Copyright © 2010 Society of Hospital Medicine


Bronchiolitis is the most common viral lower respiratory illness in young children and infants. It is responsible for hundreds of thousands of outpatient and emergency department visits and nearly 150,000 hospitalizations per year, costing the U.S. healthcare system more than $500 million annually. The most commonly identified etiology of bronchiolitis is respiratory syncytial virus (RSV), however bronchiolitis may be caused by many other viruses, including human metapneumovirus, adenovirus, and influenza. Despite guidelines published by the American Academy of Pediatrics on the diagnosis and management of bronchiolitis, there is significant variation in care of hospitalized patients. Pediatric hospitalists should render evidence‐based care that avoids use of unnecessary tests and procedures and improves outcomes.


Pediatric hospitalists should be able to:

  • Compare and contrast the epidemiology and pathogenesis of bronchiolitis with asthma.

  • Describe the typical clinical presentation of viral bronchiolitis including wheezing, tachypnea, acute respiratory distress, hypoxia, cough, apnea, and/or nasal obstruction, and give examples of how presentations may vary.

  • Review alternate diagnoses which may mimic the presentation of bronchiolitis such as congestive heart failure, previously undiagnosed cyanotic or non‐cyanotic congenital heart disease, metabolic acidosis, sepsis, aspiration, and others.

  • Identify the risk factors such as prematurity, congenital heart disease, pulmonary disease, immunodeficiency, and environmental smoke exposure that predispose infants and children to severe illness or complications of bronchiolitis.

  • State the indications and contraindications for RSV immunoprophylaxis.

  • List the indications for hospital admission and cite discharge criteria.

  • Discuss indications for ordering viral antigen testing and chest radiographs.

  • Compare and contrast initial diagnostic evaluation for febrile infants of various ages presenting with bronchiolitis attending to ages less than 30 days, 31‐60 days and others.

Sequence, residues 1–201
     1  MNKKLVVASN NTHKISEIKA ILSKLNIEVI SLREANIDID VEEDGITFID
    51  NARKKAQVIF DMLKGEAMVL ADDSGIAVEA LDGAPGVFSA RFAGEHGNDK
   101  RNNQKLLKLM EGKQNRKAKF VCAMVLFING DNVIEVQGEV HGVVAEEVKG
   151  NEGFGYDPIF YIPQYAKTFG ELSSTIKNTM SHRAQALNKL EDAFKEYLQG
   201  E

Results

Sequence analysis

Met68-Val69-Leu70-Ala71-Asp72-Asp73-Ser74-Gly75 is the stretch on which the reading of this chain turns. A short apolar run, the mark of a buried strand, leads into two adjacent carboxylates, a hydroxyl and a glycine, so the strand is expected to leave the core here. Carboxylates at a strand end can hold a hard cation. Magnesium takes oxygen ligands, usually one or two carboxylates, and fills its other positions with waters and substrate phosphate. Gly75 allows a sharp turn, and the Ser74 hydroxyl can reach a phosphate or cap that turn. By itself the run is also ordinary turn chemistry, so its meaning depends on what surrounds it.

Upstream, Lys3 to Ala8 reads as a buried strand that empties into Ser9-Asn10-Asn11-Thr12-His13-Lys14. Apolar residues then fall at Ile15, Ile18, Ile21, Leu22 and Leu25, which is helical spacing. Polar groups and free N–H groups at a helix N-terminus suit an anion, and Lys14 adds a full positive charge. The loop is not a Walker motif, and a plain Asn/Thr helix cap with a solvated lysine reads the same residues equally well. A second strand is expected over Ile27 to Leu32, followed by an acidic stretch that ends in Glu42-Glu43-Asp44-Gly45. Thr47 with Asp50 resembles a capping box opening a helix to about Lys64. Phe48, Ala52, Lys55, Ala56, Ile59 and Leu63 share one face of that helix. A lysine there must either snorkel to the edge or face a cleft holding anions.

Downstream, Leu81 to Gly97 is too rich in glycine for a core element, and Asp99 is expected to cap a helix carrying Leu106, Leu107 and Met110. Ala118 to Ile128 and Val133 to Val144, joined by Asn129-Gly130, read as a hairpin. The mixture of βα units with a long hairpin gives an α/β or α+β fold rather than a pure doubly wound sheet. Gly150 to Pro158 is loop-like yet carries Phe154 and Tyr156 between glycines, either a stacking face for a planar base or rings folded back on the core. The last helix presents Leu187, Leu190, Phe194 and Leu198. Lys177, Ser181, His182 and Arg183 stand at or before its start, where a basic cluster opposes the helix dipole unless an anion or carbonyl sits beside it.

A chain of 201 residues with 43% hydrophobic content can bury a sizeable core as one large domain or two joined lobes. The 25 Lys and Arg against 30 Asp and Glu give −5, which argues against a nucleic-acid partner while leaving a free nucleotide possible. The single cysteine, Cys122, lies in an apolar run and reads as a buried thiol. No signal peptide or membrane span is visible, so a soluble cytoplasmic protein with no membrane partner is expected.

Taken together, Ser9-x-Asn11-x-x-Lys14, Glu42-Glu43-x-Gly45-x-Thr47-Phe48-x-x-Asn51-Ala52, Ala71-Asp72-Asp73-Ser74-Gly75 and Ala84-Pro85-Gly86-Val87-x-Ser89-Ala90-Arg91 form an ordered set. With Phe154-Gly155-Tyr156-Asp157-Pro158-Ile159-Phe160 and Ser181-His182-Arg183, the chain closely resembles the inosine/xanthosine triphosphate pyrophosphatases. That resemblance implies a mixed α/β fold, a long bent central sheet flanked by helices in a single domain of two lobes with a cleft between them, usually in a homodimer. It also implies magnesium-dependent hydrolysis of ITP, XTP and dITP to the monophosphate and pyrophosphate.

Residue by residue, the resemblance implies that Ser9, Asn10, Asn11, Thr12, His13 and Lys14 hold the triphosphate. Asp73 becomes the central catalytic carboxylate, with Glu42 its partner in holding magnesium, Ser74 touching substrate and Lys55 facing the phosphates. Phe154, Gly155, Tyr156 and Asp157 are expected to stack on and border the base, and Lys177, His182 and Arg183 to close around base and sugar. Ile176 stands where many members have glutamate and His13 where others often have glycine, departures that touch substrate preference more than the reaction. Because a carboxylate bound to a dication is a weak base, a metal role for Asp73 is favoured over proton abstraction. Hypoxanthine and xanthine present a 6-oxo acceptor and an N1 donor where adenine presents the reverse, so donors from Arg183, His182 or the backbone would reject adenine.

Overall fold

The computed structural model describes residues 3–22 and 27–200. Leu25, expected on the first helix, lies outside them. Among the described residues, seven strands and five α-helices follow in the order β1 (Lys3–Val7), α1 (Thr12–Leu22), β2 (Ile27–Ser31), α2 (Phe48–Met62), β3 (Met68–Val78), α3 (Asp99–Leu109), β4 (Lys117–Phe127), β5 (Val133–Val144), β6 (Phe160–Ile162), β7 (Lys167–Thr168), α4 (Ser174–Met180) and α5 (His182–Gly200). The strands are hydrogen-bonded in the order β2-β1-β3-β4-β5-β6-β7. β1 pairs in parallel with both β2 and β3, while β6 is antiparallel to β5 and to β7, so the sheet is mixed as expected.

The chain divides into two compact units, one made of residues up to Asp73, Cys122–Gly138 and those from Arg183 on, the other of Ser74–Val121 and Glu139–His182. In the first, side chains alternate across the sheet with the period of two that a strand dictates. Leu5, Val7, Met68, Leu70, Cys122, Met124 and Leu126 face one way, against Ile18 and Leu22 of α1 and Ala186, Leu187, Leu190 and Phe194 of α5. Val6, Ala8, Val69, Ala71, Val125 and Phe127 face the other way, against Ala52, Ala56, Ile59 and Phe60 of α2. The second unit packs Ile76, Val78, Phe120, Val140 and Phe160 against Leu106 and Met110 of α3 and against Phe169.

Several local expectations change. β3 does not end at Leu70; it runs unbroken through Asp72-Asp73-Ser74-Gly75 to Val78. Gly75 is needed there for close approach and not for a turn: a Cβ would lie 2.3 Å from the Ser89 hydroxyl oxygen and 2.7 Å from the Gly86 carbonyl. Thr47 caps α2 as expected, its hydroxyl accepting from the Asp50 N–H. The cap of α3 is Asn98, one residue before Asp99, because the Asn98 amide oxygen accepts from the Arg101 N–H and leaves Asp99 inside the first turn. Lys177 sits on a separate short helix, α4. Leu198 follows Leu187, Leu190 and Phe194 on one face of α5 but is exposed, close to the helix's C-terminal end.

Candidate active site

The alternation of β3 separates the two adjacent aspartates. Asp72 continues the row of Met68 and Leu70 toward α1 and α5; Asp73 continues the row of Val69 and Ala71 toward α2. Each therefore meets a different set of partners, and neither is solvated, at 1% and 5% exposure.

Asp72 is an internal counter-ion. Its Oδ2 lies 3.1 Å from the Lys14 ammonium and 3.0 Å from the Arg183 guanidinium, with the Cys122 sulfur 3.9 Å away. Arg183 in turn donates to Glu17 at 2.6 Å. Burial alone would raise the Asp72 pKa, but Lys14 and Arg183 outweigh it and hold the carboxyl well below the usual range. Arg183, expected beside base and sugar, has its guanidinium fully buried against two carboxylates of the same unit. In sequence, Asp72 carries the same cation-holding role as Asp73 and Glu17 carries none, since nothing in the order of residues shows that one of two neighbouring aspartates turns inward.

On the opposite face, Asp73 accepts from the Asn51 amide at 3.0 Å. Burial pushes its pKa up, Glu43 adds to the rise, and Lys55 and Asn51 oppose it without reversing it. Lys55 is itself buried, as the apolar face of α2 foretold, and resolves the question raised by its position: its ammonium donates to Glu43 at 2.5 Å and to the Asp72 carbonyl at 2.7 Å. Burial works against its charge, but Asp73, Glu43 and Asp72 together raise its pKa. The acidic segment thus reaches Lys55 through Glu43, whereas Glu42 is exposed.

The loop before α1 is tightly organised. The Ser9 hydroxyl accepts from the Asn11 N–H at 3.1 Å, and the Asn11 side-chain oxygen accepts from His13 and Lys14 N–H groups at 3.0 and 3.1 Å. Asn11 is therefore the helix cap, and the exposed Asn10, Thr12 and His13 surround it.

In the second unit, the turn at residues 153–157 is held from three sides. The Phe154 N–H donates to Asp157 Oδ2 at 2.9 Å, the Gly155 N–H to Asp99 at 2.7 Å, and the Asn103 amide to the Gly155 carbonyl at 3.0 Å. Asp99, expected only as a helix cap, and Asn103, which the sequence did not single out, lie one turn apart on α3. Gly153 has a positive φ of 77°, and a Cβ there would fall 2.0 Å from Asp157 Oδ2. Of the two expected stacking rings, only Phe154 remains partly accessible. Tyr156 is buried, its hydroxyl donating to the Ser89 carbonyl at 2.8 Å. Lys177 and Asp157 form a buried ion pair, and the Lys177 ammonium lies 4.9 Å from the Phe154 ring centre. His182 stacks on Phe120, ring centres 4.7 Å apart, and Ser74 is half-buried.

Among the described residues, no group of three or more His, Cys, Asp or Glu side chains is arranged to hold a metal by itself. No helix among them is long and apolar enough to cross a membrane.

• Discuss the evidence regarding beta‐agonist and steroid therapy in routine bronchiolitis.

  • Discuss the evidence regarding use of supportive measures including suctioning, positioning, enteral versus intravenous fluids and nutrition, and supplemental oxygen.

  • Discuss the benefits and potential technical errors associated with use of various non‐invasive monitoring modalities including cardiorespiratory, oxygen saturation, and capnography.

  • Describe a management strategy for patients with worsening respiratory status including the use of different oxygen delivery systems and methods for positive pressure ventilation.

  • Describe a management strategy for patients with worsening respiratory status including use of different oxygen delivery systems and methods for positive pressure ventilation.


Pediatric hospitalists should be able to:

  • Correctly diagnose bronchiolitis by efficiently performing an accurate history and physical examination; determining if key features of the disease are present.

  • Accurately assess clinical signs of respiratory distress and identify impending respiratory failure.

  • Assess nutrition and hydration status and chose appropriate methods to maintain adequate hydration and nutrition.

  • Order appropriate monitoring and correctly interpret monitor data.

  • Objectively assess the response to any medications trialed and use clinical exam and respiratory scores to determine true efficacy.

  • Perform careful reassessments daily and as needed, note changes in clinical status and respond with appropriate actions including discontinuation of ineffective or unnecessary therapies.

  • Recognize the indications for escalating level of care and initiate basic ventilatory support if indicated.

  • Implement appropriate oxygen weaning strategies, including the use of appropriate oxygen saturation parameters.

  • Engage the family/caregiver in assisting with interpreting clinical status changes and in determining care plans.

  • Consistently adhere to proper infection control measures.

  • Efficiently render care by creating a discharge plan which can be expediently activated when appropriate.


Pediatric hospitalists should be able to:

  • Educate the family/caregiver on the etiologies and natural history of bronchiolitis, including the importance of hand washing and minimizing environmental exposure in the prevention of infection.

  • Discuss with the family/caregiver the importance of supportive care, as well as the limited evidence supporting other interventions.

  • Display proactive, engaged behavior regarding proper isolation measures particularly including hand‐washing to prevent spread of the etiologic agent in the hospital.

  • Educate the family/caregiver regarding the relationship between hospitalization for bronchiolitis and risk of future wheezing based on the most current evidence.

  • Collaborate with the primary care provider to ensure a smooth transition to the outpatient setting, and to minimize the need for readmission.

Systems Organization and Improvement

In order to improve efficiency and quality within their organizations, pediatric hospitalists should:

  • Collaborate with hospital infection control practitioners to prevent nosocomial infection related to bronchiolitis.

  • Partner with community services to educate the public on respiratory infection preventive strategies.

  • Work with emergency department physicians to mutually develop and implement evidence‐based admission criteria.

  • Lead, coordinate or participate in multidisciplinary initiatives to develop, implement, and assess quality outcomes of evidence‐based clinical guidelines.

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